Too Many Axillary Lymph Node Evaluations for Ductal Carcinoma in Situ, Researchers Report
Too many patients are undergoing axillary lymph node evaluation with breast-conserving surgery for ductal carcinoma in situ.
Too many patients are undergoing axillary lymph node evaluation with breast-conserving surgery (BCS) for ductal carcinoma in situ (DCIS) of the breast, according to a new retrospective database analysis of records from more than 35,000 women.1 The study was published online in JAMA Oncology.
“Despite guidelines recommending against axillary lymph node evaluation in women with DCIS undergoing BCS and uncertainty regarding its use with mastectomy, [sentinel lymph node biopsy (SLNB)] and [axillary lymph node dissection (ALND)] is performed frequently,” reported lead study author Ellie Coromilas, BA, of Columbia University in New York, NY, and colleagues.
“Given the additional morbidity and cost of these procedures, alternative surgical approaches or prospective evaluation of the clinical benefit of axillary evaluation in women with DCIS is needed.”
The authors reviewed billing-code medical records in the Perspective database for 35,591 women diagnosed with DCIS and who underwent BCS or mastectomy between 2006 and 2012.1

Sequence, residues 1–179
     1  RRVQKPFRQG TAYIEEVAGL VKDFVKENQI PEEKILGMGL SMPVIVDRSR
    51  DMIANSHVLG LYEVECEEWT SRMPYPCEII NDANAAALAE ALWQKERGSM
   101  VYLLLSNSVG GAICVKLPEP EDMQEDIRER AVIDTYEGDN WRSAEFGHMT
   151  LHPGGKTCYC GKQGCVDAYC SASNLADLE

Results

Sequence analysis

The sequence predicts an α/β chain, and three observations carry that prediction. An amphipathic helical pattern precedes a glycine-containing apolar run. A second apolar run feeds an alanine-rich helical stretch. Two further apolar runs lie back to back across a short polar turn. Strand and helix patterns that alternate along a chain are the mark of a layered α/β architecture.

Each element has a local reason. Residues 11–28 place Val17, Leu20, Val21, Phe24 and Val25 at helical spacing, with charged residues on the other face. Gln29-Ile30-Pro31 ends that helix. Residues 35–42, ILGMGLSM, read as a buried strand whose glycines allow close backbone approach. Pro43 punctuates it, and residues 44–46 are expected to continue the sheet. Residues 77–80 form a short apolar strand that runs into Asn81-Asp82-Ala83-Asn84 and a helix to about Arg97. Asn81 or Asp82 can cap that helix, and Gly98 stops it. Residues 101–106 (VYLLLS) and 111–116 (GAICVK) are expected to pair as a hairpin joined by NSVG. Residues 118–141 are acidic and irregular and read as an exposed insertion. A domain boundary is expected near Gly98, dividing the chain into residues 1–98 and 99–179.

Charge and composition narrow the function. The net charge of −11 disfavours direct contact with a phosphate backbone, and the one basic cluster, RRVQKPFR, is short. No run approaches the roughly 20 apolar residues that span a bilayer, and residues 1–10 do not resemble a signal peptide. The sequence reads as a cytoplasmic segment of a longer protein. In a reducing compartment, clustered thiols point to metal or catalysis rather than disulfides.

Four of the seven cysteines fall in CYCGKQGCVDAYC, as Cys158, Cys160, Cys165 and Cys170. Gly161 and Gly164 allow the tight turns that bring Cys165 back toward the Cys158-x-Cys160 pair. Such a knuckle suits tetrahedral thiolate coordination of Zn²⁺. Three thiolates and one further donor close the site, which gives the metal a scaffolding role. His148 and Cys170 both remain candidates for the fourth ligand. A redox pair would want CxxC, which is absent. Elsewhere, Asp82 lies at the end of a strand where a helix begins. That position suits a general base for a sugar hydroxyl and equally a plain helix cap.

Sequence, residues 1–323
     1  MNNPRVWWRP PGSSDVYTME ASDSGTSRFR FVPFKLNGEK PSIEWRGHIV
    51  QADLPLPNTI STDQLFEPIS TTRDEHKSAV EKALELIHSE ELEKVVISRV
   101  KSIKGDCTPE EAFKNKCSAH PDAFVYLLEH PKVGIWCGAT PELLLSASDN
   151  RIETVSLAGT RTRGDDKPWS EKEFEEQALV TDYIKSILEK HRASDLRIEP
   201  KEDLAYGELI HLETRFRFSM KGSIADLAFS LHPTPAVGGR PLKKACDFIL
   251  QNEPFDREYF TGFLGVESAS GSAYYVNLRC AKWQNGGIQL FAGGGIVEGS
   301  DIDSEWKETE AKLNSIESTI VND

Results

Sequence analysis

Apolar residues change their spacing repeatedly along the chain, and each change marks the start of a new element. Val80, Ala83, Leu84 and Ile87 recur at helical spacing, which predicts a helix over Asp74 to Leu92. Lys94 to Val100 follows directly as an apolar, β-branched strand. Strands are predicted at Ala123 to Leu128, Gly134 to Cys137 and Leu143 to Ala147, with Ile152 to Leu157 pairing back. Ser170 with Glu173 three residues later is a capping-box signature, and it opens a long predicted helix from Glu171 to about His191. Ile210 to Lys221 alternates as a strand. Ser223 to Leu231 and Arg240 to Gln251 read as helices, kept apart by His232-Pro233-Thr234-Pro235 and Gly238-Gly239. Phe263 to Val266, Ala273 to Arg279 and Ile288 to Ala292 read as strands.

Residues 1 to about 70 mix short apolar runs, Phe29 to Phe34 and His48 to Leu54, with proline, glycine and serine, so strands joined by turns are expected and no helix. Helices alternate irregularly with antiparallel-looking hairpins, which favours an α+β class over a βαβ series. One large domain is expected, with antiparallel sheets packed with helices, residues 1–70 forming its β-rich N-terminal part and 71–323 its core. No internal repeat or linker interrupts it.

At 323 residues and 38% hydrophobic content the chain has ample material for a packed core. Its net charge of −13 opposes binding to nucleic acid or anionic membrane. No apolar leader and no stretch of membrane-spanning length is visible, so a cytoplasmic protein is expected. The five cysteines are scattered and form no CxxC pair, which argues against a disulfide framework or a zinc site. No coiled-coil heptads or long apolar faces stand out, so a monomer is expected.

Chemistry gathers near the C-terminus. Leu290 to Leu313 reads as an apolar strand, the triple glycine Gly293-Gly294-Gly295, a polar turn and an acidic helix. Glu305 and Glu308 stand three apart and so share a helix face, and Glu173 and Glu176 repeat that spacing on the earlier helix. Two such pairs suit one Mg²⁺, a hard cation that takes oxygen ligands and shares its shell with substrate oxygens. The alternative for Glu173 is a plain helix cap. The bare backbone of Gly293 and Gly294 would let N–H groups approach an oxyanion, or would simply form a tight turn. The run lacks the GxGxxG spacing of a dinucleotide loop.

Approximately 75% underwent BCS; 25% underwent mastectomy. Nearly 18% of women receiving BCS underwent either SLNB or ALND, compared to 63% of patients undergoing mastectomy, the researchers reported.1
Women undergoing mastectomy received axillary evaluation at higher rates over time (57% in 2006 to 67% in 2012), whereas rates of axillary evaluation remained stable over time among patients undergoing BCS (16%-18%).1
“It is surprising that even as late as 2012, 11% of women underwent ALND,” commented Kimberly J. Van Zee, MD, of Memorial Sloan Kettering Cancer Center in New York, NY, in a companion essay published with the new study.2
Widespread breast cancer screening has led to an order-of-magnitude jump in rates of detection for DCIS over recent years—from 2% to 20% of all diagnosed breast cancer cases—noted Dr. Van Zee.2
The value of lymph node evaluation in these cases has been a matter of controversy and varied practices3,4; a separate study published online in The Breast found that the risk of axillary sentinel lymph node involvement in core needle biopsy–detected DCIS is “extremely low,” and that SLNB is unwarranted in such cases when patients are undergoing BCS.4